INTRODUCTION AND HYPOTHESIS:
We evaluated the potential role of human mesenchymal stem cells (hMSCs) in improvement of urinary continence following birth-trauma injury.
Human MSCs were injected periurethrally or systemically into rats immediately after vaginal distention (VD) (n = 90). Control groups were non-VD (uninjured/untreated, n = 15), local or systemic saline (injection/control, n = 90), and dermofibroblast (cell therapy/control, n = 90). Leak-point pressure (LPP) was measured 4, 10, and 14 days later. Urethras were morphometrically evaluated. In another sets of VD and non-VD rats, the fate of periurethrally injected hMSC, biodistribution, and in vivo viability was studied using human Alu genomic repeat staining, PKH26 labeling, and luciferase-expression labeling, respectively.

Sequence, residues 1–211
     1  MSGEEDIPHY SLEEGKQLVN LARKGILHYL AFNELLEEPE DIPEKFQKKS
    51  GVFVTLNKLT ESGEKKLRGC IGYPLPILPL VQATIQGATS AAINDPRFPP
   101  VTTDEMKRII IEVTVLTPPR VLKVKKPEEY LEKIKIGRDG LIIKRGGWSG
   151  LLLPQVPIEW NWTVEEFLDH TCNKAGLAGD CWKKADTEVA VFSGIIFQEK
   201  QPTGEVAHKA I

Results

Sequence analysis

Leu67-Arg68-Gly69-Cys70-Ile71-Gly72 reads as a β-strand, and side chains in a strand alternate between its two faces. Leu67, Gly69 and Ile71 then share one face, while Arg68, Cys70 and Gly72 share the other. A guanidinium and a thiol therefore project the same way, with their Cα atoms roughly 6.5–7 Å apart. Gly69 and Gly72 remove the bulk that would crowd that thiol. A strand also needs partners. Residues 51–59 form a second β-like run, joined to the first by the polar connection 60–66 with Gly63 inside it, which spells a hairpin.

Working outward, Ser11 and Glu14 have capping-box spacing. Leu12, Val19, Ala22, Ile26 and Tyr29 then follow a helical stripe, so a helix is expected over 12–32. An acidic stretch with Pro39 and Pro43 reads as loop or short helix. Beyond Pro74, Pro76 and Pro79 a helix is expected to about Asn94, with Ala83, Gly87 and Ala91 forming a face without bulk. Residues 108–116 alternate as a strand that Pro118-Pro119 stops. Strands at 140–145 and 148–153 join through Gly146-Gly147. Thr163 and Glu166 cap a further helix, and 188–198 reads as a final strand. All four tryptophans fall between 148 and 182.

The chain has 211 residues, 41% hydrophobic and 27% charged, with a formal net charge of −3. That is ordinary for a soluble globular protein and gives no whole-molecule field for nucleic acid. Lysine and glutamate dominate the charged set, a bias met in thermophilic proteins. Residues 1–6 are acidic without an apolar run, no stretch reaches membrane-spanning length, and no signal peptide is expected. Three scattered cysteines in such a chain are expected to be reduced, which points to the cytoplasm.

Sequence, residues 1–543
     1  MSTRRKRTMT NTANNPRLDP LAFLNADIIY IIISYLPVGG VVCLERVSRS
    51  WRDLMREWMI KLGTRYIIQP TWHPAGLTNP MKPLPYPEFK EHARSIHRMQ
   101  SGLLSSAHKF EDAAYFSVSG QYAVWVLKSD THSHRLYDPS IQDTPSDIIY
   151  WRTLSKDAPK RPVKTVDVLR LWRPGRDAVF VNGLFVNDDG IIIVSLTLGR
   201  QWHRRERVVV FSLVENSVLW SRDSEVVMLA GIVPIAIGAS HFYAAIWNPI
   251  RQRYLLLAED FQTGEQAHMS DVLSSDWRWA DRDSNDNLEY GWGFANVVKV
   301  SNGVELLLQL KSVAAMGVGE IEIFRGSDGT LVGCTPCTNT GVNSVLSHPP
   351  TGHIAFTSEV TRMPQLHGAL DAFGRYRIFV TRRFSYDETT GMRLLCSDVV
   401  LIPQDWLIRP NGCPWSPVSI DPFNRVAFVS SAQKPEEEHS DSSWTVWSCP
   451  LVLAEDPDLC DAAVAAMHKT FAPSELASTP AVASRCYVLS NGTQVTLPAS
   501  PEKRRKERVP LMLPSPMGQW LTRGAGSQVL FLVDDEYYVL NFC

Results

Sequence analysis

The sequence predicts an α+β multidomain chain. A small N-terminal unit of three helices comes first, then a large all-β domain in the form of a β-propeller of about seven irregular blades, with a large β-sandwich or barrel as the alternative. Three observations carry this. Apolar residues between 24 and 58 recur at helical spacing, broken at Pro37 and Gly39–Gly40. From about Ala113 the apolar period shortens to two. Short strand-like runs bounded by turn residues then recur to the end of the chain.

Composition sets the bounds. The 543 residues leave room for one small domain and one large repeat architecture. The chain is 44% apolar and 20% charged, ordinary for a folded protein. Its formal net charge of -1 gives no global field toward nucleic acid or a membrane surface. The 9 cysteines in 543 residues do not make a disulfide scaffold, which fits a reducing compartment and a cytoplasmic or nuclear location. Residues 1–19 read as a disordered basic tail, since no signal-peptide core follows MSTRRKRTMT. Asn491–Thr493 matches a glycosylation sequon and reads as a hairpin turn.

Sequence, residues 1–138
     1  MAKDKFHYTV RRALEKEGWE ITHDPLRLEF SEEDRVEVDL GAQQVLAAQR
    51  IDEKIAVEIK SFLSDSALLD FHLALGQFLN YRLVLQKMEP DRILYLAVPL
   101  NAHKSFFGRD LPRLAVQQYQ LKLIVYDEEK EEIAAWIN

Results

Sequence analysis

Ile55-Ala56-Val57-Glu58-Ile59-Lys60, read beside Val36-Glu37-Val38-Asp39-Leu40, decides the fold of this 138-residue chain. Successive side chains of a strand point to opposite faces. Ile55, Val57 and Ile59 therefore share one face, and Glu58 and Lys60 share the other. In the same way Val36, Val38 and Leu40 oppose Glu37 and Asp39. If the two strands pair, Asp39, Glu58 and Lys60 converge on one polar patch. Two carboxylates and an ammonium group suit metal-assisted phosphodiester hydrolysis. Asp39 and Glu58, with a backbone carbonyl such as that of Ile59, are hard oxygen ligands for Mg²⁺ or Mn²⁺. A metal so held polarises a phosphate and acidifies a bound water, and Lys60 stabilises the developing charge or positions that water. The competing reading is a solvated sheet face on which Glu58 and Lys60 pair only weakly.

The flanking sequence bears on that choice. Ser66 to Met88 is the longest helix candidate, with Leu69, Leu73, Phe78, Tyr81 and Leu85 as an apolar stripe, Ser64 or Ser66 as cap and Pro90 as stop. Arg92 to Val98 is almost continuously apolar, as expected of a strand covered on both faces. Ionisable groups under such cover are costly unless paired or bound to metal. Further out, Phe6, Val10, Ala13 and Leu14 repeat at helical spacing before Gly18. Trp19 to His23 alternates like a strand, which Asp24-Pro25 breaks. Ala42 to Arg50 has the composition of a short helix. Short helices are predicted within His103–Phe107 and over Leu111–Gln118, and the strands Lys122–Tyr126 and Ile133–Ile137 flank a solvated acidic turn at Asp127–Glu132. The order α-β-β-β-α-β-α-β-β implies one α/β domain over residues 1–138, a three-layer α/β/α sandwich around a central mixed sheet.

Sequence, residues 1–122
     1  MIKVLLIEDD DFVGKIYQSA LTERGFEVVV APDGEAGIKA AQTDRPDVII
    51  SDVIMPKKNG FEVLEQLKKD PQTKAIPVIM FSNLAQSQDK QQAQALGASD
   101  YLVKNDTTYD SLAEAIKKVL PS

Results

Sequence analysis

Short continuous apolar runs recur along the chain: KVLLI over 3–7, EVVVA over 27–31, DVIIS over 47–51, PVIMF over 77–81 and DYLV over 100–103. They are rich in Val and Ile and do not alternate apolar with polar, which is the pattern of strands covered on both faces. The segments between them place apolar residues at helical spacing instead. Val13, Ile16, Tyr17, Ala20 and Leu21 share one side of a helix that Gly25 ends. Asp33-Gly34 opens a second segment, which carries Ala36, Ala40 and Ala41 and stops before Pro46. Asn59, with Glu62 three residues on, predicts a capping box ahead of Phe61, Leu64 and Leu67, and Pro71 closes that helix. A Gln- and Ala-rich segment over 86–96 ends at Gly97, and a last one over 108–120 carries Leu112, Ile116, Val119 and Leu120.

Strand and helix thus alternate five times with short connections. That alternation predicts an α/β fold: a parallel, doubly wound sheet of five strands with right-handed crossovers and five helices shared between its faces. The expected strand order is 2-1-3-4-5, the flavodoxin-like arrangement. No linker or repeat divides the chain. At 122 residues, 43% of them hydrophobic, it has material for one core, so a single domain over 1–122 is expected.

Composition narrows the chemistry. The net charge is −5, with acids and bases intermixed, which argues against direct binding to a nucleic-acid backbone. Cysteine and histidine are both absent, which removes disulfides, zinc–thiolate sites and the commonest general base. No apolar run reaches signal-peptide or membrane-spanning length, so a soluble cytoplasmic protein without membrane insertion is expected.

Saline- and dermofibroblast-treated control rats demonstrated lower LPP than non-VD controls at days 4 and 14 (P < 0.01). LPP after systemic hMSC and periurethral hMSC treatment were comparable with non-VD controls at 4, 10, and 14 days (P > 0.05). Local saline controls demonstrated extensive urethral tissue bleeding. The connective tissue area/urethral section area proportion and vascular density were higher in the local hMSC- versus the saline-treated group at 4 and 14 days, respectively. No positive Alu-stained nuclei were observed in urethras at 4, 10, and 14 days. PKH26-labelled cells were found in all urethras at 2 and 24 h. Bioluminescence study showed increased luciferase expression from day 0 to 1 following hMSC injection.
Human MSCs restored the continence mechanism with an immediate and sustained effect in the VD model, while saline and dermofibroblast therapy did not. Human MSCs remained at the site of periurethral injection for <7 days. We hypothesize that periurethral hMSC treatment improves vascular, connective tissue, and hemorrhage status of urethral tissues after acute VD injury